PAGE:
When a person first enters the Army they are taught and instilled into our brain If I see an NCO or officer appointed over myself not doing the right thing, some soldiers if not I will continue my behavior thinking is it correct. Respect is neither a right nor a privilege; it is something that you earn over time through your actions, though in the army it is expected of all lower enlisted. When another person earns your respect you work harder to have that same respect returned to you.
But now the behavior has been passed on and leaders will have a harder time dealing with their soldiers. I think that respect is taught by example, as most good things are.
These roles are to be performed by individual NCO corps as well as the NCO leaders.
NCO vision The NCO vision requires that an NCO corps should be grounded in tradition, heritage and values that embody the perpetual learning of values and Warrior Ethos.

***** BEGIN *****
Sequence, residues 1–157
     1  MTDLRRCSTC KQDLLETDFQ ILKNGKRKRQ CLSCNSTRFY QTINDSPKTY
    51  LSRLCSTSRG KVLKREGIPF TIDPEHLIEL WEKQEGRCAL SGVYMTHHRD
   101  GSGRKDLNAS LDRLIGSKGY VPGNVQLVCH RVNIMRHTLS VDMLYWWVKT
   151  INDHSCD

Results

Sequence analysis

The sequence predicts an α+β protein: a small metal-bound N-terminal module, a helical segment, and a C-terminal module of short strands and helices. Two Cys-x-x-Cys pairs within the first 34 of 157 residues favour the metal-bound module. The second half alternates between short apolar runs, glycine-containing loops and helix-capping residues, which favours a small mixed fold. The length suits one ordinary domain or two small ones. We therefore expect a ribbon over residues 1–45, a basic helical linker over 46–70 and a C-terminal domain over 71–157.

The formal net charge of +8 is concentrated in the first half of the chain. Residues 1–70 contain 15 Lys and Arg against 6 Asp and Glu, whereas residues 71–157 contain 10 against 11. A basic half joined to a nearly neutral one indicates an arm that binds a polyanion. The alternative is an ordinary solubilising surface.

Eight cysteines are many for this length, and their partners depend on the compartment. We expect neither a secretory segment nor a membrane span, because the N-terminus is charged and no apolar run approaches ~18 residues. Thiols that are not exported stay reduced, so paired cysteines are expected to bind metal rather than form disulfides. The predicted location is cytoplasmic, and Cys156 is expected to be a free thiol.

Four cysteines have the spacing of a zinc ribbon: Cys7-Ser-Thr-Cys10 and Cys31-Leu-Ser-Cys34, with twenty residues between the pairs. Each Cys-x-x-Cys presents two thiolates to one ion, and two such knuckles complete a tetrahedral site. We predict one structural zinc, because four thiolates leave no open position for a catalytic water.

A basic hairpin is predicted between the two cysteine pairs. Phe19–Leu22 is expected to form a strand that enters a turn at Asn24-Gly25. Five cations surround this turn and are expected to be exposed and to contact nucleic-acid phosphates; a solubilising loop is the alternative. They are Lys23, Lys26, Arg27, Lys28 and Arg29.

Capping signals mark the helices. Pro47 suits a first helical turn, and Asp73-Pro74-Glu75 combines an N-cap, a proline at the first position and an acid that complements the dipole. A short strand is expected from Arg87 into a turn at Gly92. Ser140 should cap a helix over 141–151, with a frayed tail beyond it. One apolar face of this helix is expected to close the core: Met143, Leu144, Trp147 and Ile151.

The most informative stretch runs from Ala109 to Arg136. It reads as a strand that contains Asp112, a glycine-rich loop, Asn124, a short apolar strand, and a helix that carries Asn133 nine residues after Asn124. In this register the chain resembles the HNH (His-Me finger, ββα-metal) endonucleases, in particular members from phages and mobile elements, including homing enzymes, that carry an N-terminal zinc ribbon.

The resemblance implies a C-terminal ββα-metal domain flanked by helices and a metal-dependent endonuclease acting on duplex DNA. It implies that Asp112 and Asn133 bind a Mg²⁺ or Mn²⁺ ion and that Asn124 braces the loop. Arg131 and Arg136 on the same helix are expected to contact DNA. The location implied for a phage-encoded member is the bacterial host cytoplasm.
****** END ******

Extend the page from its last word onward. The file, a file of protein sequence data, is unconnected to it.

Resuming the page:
In terms of roles, the vision requires that NCOs should be capable of training, leading and motivating soldiers.
In terms of leadership, their chief role within the military organization is being a direct leader to the military officers.
Respect is one the 7 Army Values and probably one of the most important in today’s Army.
Discipline also works alongside respect even though it is not one of the Army Value’s; it falls under Self-less Service.
You can’t have respect without discipline because it creates a sense of unity among soldiers which under extreme circumstances the military cannot afford to have any causality because of one individual’s decision to disrespect one of leaders appointed over me direct orders.
Self-less Service leads to teamwork and encompasses discipline and is most effective when all soldiers can expect and give mutual respect to their fellow soldiers.